How to fix a Throttlemeister so that it won't self-lock

Problems with the Throttlemeister creeping toward the locked position and locking on its own are reported from a variety of unrelated persons and sources. At the same time, many others have reported that they have used the Throttlemeister for years without ever once experiencing this problem. Occasionally someone who has never observed the problem has expressed the strong opinion that it is caused by incorrect installation or adjustment, which of course is greatly appreciated by the people that have the problem.

My personal observation is that each time I remove and then reinstall the gizmo, there will be a good chance that I will have this problem until the next time I remove and reinstall it, at which point I will still have a good chance of having the problem, but also some chance that it will go away. I have long thought that the reason that this happens is simply that the outer part that rotates is not balanced, and that the random placement of the heavy side of that outer part determines whether or not it will have a tendency to self-lock. Lacking the requisite "round tuit", I had not attempted to disassemble the gizmo until a few days ago. This is the sort of thing that I typically tackle late one night when I am unable to fall off to sleep, so a few days ago at around 1 AM, I walked out to the garage, took the gizmo off the bike, and took it apart.

The picture above shows a grip that can be used to take it apart. The long screw, the insert that keys to the handlebar insert, and the spacers fall out when it is taken off the bike, and there will be a hollow space, where the out-of-work Hollywood actor that I hired for this reenactment, has inserted his left forefinger. The stainless steel inner sleeve that his forefinger is pressing against will easily slide longitudinally over a short distance. When it is pulled out that short distance that it moves easily, you can then unscrew the inner cylinder along with the bronze part, from the outer part, using your forefinger to exert pressure as needed, and squeezing between your thumb and forefinger if needed, until the inner cylinder and the bronze part are separated from the outer part.

Once the inner cylinder and the bronze part are separated from the outer part, the bronze part will slide off and away from the inner cylinder.

The picture above shows the main components (and one of my favorite pocket knifes). The inner cylinder is in the foreground. It is turned around backwards relative to the other two parts: the end that is facing the camera goes toward the closed end of the outer part that is on the left. The reason that I turned it around this away is so that you can see the channel that is machined into the end, running roughly 150 degrees around the circumference of the cylinder. Note the little bump that is machined into the inner surface of the outer part, at about the 7 o'clock position. When the inner cylinder is pushed fully into the outer part, the little bump engages in this channel, which limits the distance that the outer part can be rotated to 135 degrees.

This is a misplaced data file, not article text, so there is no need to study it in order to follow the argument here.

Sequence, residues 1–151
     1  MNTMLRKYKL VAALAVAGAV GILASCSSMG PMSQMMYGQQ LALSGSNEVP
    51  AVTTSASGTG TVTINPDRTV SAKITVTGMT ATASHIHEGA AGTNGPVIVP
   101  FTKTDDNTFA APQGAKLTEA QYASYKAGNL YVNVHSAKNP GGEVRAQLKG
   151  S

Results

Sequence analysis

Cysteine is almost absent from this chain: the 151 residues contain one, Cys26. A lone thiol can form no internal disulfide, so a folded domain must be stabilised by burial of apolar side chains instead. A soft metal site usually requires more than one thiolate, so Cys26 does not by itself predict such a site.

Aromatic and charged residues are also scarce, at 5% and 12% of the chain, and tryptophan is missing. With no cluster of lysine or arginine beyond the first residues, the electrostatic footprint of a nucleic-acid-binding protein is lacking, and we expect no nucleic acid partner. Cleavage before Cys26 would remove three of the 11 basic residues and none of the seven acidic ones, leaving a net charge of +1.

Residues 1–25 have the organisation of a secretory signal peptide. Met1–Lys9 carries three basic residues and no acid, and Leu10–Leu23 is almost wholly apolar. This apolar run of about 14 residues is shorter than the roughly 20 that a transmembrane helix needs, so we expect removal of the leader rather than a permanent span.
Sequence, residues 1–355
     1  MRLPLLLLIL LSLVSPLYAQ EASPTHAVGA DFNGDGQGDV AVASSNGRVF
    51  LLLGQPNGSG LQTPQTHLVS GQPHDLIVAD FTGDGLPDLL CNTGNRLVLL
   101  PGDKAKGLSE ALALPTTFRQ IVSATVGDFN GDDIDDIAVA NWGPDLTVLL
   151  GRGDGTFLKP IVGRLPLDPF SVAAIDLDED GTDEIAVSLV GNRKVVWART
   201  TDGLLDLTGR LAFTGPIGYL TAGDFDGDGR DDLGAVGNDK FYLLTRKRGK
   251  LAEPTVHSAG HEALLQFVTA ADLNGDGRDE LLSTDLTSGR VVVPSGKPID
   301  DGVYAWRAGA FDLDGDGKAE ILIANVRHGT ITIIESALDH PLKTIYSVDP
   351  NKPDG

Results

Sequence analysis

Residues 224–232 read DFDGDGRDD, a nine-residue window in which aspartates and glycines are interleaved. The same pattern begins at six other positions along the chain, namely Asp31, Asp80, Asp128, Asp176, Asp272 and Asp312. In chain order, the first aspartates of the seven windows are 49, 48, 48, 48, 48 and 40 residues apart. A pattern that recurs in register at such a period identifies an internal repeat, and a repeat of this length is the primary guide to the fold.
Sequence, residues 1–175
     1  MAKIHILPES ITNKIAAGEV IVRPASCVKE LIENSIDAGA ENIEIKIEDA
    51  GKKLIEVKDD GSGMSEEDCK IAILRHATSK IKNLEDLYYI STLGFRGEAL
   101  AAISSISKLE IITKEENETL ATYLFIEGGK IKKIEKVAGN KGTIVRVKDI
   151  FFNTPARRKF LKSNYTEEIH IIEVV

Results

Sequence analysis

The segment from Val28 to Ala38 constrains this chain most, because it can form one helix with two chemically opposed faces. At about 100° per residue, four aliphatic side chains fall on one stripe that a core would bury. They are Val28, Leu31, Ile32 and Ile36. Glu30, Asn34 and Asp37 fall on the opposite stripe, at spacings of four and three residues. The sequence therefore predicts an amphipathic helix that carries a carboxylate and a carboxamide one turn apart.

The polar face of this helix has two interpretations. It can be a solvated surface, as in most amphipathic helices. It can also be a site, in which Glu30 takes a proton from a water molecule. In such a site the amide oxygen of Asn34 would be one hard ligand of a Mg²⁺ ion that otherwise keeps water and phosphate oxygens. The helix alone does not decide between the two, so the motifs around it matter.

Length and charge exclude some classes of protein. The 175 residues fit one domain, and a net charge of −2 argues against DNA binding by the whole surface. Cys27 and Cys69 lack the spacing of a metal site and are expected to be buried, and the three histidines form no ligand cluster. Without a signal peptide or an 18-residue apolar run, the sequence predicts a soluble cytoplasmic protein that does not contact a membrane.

The inner cylinder has what appears to be a long hump. This is actually a pin that sits in a groove, and the groove that you can see in the bronze part behind it, slides over that pin, thus preventing these two parts from rotating relative to each other. The special spacer that goes at the head of the long screw presses against the inner cylinder and prevents it from turning. Since the inner cylinder cannot turn, the bronze part is likewise prevented from turning by that long pin. The special spacer at the head of the long bolt also holds the outer part from pulling out, but it is machined so that it will do this without applying any pressure that would inhibit the rotation of the outer part.

The bronze part is threaded on the outside, and the inner wall of the outer part is similarly threaded. Because the outer part and the bronze part are threaded to each other, when the outer part is rotated, the bronze part, which cannot rotate, slides back and forth a short distance equal to the thread pitch multiplied by 135/360.

The little bump inside of the outer part is the reason that the outer part has a heavy side and is the reason that the gizmo will self-lock if it is installed with the heavy side facing the rear of the motorcycle. Given the minimal internal friction, and given the constant vibration, if it is installed with the heavy side toward the rear, the only uncertainty is how long it will typically take for the gizmo to self-lock. I am a little puzzled as to why Marker Machine does not acknowledge this. In the FAQ on their Web site, they say, "It will not Engage or Disengage automatically." I find it odd that a company that has created such a high quality product would be willing to compromise their credibility by making a claim that many people know from first hand experience is not true. I would suggest to them that a better course of action would be to machine a small dimple into the outer surface on the heavy side and state in the instructions that it should be installed with that dimple toward the front to reduce the tendency to self-lock. Perhaps I can send them this URL and they will agree that this is the appropriate course of action, and perhaps they will show their appreciation to me by sending me a free Throttlemeister for my Yamaha FJR1300!

What you need to do is mark the heavy side of the outer part, ideally in the red groove that runs around its outer circumference, so that your mark will not rub off when you reassemble it and reinstall it on your bike.

In the picture above, the out-of-work Hollywood actor that I hired, is re-enacting me marking the heavy side of the outer part. I used "liquid paper", and put the mark in the groove so that it would not wear off when I reassembled the gizmo and reinstalled it on the bike.